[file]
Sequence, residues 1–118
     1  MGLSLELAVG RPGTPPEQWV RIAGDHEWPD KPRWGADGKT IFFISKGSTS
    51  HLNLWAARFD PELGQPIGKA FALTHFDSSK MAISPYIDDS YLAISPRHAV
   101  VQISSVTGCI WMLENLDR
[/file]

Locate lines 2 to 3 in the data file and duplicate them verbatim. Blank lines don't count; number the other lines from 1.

     1  MGLSLELAVG RPGTPPEQWV RIAGDHEWPD KPRWGADGKT IFFISKGSTS
    51  HLNLWAARFD PELGQPIGKA FALTHFDSSK MAISPYIDDS YLAISPRHAV